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April 10, 2016 | by  | in News |
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Justin ‘Trudeau’ Lester launches campaign

“I’m going to be the next mayor of Wellington,” said Justin Lester at his recent campaign launch on the Wellington waterfront.

Lester made promises of a rates rebate of $5000 for first home builders, a rental warrant of fitness (WOF), and investment in social housing—with more student-focused policies to be announced further into the campaign.

Painting a family-friendly picture, he told the story of meeting his wife in a German literature class 19 years ago, before apologising to her for pursuing a career in politics.

Lester has spent six years as deputy mayor of Wellington, under current mayor Celia Wade-Brown, and is the co-founder of local food company Kapai.

He spoke of his upbringing in Invercargill, where he was raised by his single mother in a state house. His family did not have a car or a lot of money, but “the community was always there for us.” He wants to ensure that “everyone has the same opportunities” as he had growing up.

He wants to address the gender disparity and ingrained sexism within the council, including a gender pay gap between council members, as well as the fact that there is only one woman on the council’s senior leadership team.

He made a policy promise of free swimming pool entry for children under five years old in the Wellington region, and said it was unacceptable that seven out of ten kids in New Zealand can’t swim.

He said rental housing standards in Wellington are “not up to scratch.” Lester grew up in a cold, damp, and mouldy house, and said that “in 2016 no one in this city should have to do that.” He said he would send a local bill to parliament to secure a rental WOF throughout Wellington, to ensure that homes are warm, dry, and safe before they can be rented out.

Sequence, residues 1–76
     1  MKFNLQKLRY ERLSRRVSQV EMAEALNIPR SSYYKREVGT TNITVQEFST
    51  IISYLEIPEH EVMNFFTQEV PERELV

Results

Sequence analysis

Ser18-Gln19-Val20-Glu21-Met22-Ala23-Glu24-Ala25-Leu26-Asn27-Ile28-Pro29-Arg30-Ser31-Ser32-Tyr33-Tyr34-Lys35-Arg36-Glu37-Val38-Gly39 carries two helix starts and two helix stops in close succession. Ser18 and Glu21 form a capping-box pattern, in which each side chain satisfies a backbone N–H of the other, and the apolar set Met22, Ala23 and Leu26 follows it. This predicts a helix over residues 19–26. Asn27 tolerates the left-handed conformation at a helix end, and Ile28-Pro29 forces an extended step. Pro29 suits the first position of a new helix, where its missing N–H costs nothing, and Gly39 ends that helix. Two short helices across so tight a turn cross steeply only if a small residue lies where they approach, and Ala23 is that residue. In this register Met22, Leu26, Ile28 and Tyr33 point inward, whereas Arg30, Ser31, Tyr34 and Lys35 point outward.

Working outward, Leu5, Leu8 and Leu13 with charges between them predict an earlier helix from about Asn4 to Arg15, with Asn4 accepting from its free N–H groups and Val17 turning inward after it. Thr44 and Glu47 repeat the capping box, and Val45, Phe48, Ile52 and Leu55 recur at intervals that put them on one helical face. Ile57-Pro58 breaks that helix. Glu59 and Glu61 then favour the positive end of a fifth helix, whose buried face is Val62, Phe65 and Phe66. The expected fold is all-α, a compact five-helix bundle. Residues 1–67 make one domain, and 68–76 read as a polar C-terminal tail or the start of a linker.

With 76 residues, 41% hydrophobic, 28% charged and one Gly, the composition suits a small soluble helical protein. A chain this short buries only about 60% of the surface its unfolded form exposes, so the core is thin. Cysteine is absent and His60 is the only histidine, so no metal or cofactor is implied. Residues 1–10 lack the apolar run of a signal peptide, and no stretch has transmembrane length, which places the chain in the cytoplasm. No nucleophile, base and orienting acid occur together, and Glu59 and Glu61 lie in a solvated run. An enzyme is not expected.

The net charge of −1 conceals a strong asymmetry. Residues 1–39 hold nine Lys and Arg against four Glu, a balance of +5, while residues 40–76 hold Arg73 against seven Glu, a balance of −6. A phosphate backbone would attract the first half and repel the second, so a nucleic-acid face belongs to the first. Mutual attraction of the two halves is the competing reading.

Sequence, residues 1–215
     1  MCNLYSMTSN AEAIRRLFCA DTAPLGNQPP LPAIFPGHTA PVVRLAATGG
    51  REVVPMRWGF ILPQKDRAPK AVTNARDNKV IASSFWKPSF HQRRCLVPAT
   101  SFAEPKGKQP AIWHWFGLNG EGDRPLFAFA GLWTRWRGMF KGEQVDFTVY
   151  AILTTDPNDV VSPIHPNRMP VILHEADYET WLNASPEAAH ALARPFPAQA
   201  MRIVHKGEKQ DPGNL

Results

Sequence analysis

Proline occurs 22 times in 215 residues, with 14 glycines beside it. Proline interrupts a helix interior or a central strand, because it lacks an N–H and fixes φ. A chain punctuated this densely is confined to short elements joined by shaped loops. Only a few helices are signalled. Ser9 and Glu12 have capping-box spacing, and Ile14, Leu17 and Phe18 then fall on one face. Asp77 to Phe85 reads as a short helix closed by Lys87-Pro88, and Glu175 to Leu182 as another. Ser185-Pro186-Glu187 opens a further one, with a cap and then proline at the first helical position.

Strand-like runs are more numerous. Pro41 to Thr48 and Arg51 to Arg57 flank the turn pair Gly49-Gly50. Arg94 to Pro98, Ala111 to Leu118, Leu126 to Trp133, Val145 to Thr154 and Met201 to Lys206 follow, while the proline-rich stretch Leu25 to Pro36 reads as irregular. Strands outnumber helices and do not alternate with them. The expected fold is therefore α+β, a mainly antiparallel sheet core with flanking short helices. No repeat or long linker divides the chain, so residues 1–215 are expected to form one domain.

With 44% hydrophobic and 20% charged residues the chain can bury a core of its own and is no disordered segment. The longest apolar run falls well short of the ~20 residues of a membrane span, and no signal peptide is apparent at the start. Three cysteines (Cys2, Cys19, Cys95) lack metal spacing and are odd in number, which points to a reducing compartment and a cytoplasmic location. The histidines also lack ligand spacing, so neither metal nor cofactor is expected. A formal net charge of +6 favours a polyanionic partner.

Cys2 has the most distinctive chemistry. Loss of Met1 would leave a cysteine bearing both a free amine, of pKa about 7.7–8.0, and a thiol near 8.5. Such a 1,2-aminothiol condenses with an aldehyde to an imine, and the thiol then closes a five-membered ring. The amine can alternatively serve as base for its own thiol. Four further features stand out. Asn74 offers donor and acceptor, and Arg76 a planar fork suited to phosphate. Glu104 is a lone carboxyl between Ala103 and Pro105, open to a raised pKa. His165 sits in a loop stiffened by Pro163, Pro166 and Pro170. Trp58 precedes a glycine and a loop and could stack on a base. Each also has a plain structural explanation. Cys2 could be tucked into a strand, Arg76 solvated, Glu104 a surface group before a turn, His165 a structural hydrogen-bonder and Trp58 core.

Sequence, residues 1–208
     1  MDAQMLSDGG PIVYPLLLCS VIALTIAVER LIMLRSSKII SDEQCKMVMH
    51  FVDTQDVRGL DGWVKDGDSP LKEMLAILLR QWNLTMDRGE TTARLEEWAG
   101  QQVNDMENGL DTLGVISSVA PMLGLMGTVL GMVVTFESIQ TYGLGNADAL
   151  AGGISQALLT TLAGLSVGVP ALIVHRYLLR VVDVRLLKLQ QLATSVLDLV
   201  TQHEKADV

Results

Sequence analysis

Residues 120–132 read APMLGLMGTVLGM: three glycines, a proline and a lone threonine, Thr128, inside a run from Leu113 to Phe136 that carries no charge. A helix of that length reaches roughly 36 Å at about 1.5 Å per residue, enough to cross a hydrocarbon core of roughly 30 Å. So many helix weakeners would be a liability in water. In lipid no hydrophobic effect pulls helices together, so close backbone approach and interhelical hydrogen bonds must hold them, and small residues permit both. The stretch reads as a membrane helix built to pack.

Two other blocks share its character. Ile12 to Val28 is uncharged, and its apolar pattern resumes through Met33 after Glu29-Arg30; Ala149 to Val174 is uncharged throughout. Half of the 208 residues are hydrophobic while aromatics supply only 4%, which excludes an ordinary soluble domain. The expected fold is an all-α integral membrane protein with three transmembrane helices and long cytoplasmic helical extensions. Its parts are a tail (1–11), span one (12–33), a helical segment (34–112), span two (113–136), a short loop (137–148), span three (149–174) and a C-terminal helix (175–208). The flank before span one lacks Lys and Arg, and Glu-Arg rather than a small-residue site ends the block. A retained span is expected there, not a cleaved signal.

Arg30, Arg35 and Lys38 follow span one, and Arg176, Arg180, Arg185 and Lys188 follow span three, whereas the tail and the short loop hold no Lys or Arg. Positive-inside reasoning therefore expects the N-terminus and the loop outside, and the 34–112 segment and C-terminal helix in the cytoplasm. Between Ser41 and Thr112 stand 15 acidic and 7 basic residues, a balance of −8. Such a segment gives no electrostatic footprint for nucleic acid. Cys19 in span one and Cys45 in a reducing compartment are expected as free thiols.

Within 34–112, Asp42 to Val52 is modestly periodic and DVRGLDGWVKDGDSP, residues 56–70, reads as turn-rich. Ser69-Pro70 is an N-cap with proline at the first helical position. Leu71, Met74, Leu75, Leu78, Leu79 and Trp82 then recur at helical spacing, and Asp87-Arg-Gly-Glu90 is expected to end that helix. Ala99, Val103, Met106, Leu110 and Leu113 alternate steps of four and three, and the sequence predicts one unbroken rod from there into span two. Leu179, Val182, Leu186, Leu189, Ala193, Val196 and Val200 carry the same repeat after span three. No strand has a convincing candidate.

“We don’t want to be another Auckland,” Lester said, raising the issue that Wellington is becoming particularly attractive to potential homeowners for its affordability. This was followed by a policy promise of the “$5000 rebate for first home builders.”

He also supports the airport runway extension, saying it will mean “thousands more jobs, students, tourists, and millions more for our local economy.”

Salient was impressed with the Kapai catering on offer, a spread which included brownies, energy slice, kumara hash, and kebabs. There was also face painting, but Salient resisted the urge to join the kids becoming sparkly cats.

 

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Newtown, between 1908-10. Photograph taken by Sydney Charles Smith. 1888-1972: Photographs of New Zealand. Courtesy of Alexander Turnbull Library. 1/1-019663-G

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